1. Religion & Spirituality
You can opt-out at any time. Please refer to our privacy policy for contact information.

Discuss in my forum

Flaws in Reasoning and Arguments: Black & White Thinking

Reducing Categories to Either/Or

By

Human beings have a strong need to categorize everything; this is not a fault but rather an asset. Without our ability to take isolated instances, gather them together in groups, and then make generalizations, we wouldn't have math, language, or even the ability for coherent thought. Without an ability to generalize from the specific to the abstract, you wouldn't be able to read and understand this right now. Nevertheless, as much of vital asset as it is, it can still be taken too far.

One of the ways in which this can occur is when we limit our categories too much. Naturally our categories cannot be infinite - we cannot, for example, place every object and every concept into its own unique category, unrelated to everything else. At the same time, we also cannot try to place absolutely everything into one or two completely undifferentiated categories.

When this latter situation occurs, it is commonly referred to as Black and White Thinking - so called because of the tendency of the two categories to be black and white, good and evil, right and wrong. Technically this can be considered a type of False Dichotomy, an informal fallacy which occurs when we are given only two choices in an argument and required to pick one, when in reality there are multiple options which have not been given due consideration.

When we fall victim to Black and White Thinking, we have mistakenly reduced an entire spectrum of possibilities down to the two most extreme options, each the polar opposite of the other without any shades of grey in between. Often, those categories are of our own creation, and we are attempting to force the world to conform to our preconceptions about what it should look like.

As an all-too-common example, many people insist that whoever is not "with" us must therefore be "against" us - and can then justifiably be treated as an enemy. This dichotomy assumes that there are only two possible categories - with us and against us - and that everything and everyone must belong to either the former or the latter. Possible shades of grey, like agreeing with our principles but not our methods, are ignored entirely.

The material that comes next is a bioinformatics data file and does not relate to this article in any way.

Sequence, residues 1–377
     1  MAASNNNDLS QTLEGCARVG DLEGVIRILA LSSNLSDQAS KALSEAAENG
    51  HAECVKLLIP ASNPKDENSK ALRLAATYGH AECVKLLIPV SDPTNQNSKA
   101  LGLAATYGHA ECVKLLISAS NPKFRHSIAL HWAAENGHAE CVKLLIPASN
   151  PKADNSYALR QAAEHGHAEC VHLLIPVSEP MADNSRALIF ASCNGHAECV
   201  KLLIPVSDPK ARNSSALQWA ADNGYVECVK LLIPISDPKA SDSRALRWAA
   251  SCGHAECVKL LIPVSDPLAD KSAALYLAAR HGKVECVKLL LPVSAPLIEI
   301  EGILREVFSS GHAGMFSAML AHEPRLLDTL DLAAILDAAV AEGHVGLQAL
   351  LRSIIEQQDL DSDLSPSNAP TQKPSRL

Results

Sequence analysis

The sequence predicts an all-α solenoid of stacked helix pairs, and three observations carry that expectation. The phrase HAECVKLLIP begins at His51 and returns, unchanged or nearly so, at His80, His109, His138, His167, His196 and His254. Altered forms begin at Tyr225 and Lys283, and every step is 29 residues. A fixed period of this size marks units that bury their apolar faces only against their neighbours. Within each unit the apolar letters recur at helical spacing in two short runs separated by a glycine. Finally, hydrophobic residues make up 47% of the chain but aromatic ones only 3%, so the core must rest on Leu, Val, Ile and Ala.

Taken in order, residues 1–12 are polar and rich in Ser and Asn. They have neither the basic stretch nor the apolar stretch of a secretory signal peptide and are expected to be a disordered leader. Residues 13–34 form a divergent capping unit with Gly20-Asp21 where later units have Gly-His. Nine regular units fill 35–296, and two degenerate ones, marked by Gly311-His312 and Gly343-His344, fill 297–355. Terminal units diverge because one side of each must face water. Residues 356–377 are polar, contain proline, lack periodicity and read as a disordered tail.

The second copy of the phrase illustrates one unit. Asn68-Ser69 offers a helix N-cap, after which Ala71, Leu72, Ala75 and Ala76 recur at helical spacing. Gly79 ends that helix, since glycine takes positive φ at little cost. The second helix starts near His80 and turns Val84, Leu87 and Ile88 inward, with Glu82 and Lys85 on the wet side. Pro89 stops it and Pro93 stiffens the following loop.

Of course, we should not make the analogous mistake of assuming that such dichotomies are never valid. Simple propositions can often be categorized as true or false. For example, people can be divided into those who are capable of performing a task and those who currently cannot do so. Although many similar situations can be found, they are not usually the subject of debate, and hence not the subject of this analysis.

Where Black and White Thinking is a live issue and a genuine problem is in debates on topics like politics, religion, philosophy, and ethics. In debates such as these, Black and White Thinking is like an infection, reducing the terms of discussion unnecessarily, eliminating an entire range of possible ideas and often demonizing others by implicitly categorizing them in the "Black" - the evil that we are supposed to avoid.

The basic attitude which lies behind Black and White Thinking can often play a role with other issues as well, particularly in how we evaluate the state of our lives. People who suffer from depression, even in mild forms, commonly view the world in black and white, categorizing experiences and events in extreme terminology that fits with their generally negative perspective on life.

This is not to say that everyone who engages in Black and White Thinking is depressed or suffering from a mental problem. Instead, the point is simply to note that there is a common pattern to such thinking, whether it occurs in the context of depression or in the context of flawed arguments. The problem involves the attitude one takes with respect of the world around us, insisting that it conform to our preconceptions rather than adjusting our thinking to accept the world as it is.

©2014 About.com. All rights reserved.